Since the dawn of social media, parents and other ‘grown-ups’ have been concerned about the welfare of young users. I remember when Facebook first became available to the public, my friends and I all lied about our ages to get accounts, scoffing at our parents’ concerns. And it’s true, the predicted horrors at the time didn’t fully come to pass. Of course there are problems with the grooming of children online, and identities can be stolen from information we post on social media. However, these occurrences are still pretty rare. It’s the effects our parents didn’t consider that are causing us the real problems, and they fell into the same habits we did anyway. But my experience of social media is going to be very different than that of a teenager 10 years younger. They have lived in a world with social media their whole lives. So what’s a teenager’s experience on social media like in 2022?

The Pew Research Center Study

A study was done last week by The Pew Research Center, a nonpartisan American think tank. It asked teens aged 13-17 across the US about their time spent on social media. The results may paint a lighter picture than parents might expect. 39% of teenagers stated that their experience on social media is better than their parents think. Only 27% saying it’s worse than their parents think, and the rest being neutral. The majority also said that social media made them feel more connected to their friends, gave them a sense of support in difficult times, and was a platform on which they could express themselves creatively. Overall, 32% said they had a mostly positive experience on social media, and 9% a mostly negative. The rest were, again, neutral on the subject.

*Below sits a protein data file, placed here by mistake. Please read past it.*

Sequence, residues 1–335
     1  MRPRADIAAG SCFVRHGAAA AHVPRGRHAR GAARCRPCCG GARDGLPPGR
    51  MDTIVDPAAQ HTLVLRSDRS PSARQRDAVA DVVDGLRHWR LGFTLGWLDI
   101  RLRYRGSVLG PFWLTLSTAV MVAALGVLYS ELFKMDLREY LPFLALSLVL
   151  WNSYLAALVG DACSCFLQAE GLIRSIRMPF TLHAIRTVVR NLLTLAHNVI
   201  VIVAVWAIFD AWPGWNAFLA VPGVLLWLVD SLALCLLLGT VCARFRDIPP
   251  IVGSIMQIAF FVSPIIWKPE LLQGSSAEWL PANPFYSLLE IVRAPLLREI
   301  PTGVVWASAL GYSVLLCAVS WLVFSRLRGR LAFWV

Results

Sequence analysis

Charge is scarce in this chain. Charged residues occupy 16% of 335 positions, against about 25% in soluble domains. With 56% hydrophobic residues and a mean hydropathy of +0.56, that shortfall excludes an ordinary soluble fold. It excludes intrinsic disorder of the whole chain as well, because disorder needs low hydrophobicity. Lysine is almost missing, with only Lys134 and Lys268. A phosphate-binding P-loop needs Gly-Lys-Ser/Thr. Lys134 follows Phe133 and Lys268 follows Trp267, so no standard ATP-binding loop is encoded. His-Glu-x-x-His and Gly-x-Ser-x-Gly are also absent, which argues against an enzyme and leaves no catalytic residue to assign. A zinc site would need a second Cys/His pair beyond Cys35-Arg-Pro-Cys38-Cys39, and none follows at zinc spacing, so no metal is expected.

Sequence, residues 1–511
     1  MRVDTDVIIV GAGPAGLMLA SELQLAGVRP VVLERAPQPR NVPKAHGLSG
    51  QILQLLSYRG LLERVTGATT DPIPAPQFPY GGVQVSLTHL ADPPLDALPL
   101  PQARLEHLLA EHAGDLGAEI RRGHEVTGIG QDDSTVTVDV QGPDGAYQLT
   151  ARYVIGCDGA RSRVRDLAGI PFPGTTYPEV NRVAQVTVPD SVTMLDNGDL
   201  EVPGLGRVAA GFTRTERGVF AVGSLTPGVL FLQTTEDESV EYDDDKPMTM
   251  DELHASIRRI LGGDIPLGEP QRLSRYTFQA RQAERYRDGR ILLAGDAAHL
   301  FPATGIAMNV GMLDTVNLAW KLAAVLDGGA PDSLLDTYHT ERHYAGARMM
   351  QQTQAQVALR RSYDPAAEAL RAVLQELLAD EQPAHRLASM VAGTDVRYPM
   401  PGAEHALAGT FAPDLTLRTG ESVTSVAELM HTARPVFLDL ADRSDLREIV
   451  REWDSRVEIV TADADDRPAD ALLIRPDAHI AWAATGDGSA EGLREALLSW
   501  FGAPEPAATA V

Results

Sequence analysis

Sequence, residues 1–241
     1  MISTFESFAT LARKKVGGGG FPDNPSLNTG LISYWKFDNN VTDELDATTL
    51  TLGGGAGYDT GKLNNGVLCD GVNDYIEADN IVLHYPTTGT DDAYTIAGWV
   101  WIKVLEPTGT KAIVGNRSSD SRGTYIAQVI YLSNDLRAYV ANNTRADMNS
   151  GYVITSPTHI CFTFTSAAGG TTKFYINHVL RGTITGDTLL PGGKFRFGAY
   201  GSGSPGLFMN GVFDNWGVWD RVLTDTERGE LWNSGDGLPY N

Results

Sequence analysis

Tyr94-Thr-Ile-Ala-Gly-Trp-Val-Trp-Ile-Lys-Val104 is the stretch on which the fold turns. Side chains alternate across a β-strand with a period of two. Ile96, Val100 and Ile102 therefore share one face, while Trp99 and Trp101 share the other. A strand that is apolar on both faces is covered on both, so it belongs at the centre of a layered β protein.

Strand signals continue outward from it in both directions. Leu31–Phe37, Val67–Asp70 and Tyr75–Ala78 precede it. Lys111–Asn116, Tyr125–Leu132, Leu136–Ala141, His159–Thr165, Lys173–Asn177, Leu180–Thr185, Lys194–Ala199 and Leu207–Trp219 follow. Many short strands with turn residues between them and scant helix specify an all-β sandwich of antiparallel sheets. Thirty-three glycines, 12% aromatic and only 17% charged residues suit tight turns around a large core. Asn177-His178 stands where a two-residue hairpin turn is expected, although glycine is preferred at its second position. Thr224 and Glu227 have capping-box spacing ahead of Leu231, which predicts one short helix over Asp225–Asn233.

Then the problem isn’t as bad as we thought?

On the surface it seems that way, if we believe that there’s only a problem if the majority of teenagers are having a miserable time online. But if that was the case, would social media use be so prevalent? The study also revealed that 38% of teenagers feel “overwhelmed by all the drama” on social media. Being a teenager is difficult, and “drama” is hard to avoid of course, but conflicts that could previously be left at school or when they meet up in person can’t be escaped. It’s now with them, 24/7, exacerbating issues that could have fizzled out if left alone. 23% of people surveyed also said that social media makes them “feel worse about their own life.” We can’t say social media is harmless to young people when almost a quarter are being impacted in this way. Lastly, we need to ask how much we can trust the opinions of people this age. Of course I’m not claiming they’re wrong or foolish, but I can’t say I’ve clung to the views I had as a teenager into my 20s.

23% of people surveyed also said that social media makes them “feel worse about their own life.”

So what happens now?

The older generations have the power to control what the social media landscape looks like. We have a duty to limit the harm it causes younger people, who are effectively powerless to stop the social media platforms targeting them. However, a survey from the University of Michigan Health C.S. Mott Children’s Hospital, also released last week, suggests that young people are reclaiming their freedom from social media themselves in various ways. They do recognise the negative impact it can have on them. Their responses gave a range of various strategies, such as limiting sharing personal information, not interacting with strangers, and setting screen time locks. Some even deleted, or considered deleting, the social media apps entirely from their phones. Teenagers now can understand and set limits on their social media use, perhaps because they grew up with it, rather than in spite of growing up with it.

The Mesaverse is a healthier place for young people to be.

In the same study, a participant said regarding social media: “make sure it’s not a substitute for being with people, or actually participating in your interests.” It’s important that young people are able to fully appreciate the real world they exist in. They must form meaningful bonds with their peers. Instead of growing up and becoming full fledged humans within the artificial world that is social media, they can become more authentic versions of themselves by thriving in the Mesaverse, a deeper reality. LifeBonder’s aim is to help everyone find this reality, and form these meaningful bonds. In the real world, we can live meaningful lives.

Polly Cumming

Polly Cumming is a British literary graduate keen on writing about human existence in this moment in time. She's thrilled to see some positive change in the world of social media.